Bicam report on cultural mapping bill adopted and ratified by Senate

May 23, 2023


The Senate has adopted and ratified on Tuesday the bicameral conference committee report on the Cultural Mapping Bill, amending Republic Act No. 10066 or the National Cultural Heritage Act of 2009.

Legarda, Chairperson of the Committee on Culture and the Arts, said the ratification of the measure is a momentous occasion as the country celebrates National Heritage Month this May.

“Our heritage is our most precious asset. It is our vital link, our irrefutable connection to the past, and the living form of the present. The passage through time of a work of art, the evolution of a historic structure, or the interpretation of practices or traditions are just some of the expressions that define our national identity,” she said.

Both versions of the Senate and the House of Representatives sought to mandate the local government units to conduct a cultural heritage mapping of their areas – tangible and intangible, and natural and built heritage – and to address new threats from a fast-changing cultural landscape brought about by a tidal wave of digital transformation.

The cultural mapping will be conducted by the LGUs with the assistance of the National Commission for Culture and the Arts (NCCA) and other cultural agencies and organizations in the country, which are delegated to provide technical and financial assistance to LGUs to comply with the cultural mapping mandate.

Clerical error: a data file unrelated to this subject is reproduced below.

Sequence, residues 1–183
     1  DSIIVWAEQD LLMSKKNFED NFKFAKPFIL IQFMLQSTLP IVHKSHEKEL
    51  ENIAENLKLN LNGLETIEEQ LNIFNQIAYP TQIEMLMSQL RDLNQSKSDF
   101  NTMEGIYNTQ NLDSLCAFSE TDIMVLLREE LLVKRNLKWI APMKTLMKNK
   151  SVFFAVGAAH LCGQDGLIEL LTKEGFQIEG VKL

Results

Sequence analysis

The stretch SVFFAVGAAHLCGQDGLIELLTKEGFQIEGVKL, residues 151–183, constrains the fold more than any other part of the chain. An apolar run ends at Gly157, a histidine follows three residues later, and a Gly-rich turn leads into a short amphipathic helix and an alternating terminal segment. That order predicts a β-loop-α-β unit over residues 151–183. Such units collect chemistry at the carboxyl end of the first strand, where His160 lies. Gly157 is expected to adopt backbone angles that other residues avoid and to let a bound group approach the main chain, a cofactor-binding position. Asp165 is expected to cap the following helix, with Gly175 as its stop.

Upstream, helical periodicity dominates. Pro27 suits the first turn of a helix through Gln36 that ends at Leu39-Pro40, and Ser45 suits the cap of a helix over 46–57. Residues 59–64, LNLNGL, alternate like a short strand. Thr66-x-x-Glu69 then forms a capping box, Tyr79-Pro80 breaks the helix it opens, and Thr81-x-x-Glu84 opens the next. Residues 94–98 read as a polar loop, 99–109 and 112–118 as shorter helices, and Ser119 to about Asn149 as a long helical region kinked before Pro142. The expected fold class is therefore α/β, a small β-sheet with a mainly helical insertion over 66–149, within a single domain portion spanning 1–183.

One significant provision of the bill, which was adopted from the House version, is the promotion and preservation of cultural heritage through an integrated education approach.

Cultural mapping has been recognized by the United Nations Educational, Scientific and Cultural Organization (UNESCO) as an essential tool in preserving the world’s heritage and cultural assets in architecture, traditional dwellings, indigenous skills, and natural heritage.

It has supported several mapping projects with indigenous communities worldwide, including collaborating with the Ifugao, the Higaunon, the Manobo, the Subanen, and the Banwaon in the Philippines.

UNESCO also recognizes culture as a critical source for mitigating and adapting to climate change. It is fully committed to addressing the impact of climate change on culture and enhancing the potential of culture for global climate action.

“Cultural mapping is a way to make heritage an inclusive tool for local and national development. Cultural mapping employs a grassroots approach that empowers local communities to identify and assign cultural value to important properties,” Legarda stated.

“With the devastating aftermath of a fire that razed the Manila Central Post Office building, there is an urgent call for a thorough and transparent investigation. With this tragedy, cultural mapping is necessary to establish and strengthen our heritage in a spirit of stewardship for the inspiration and benefit of the present and future generations,” she added. (end)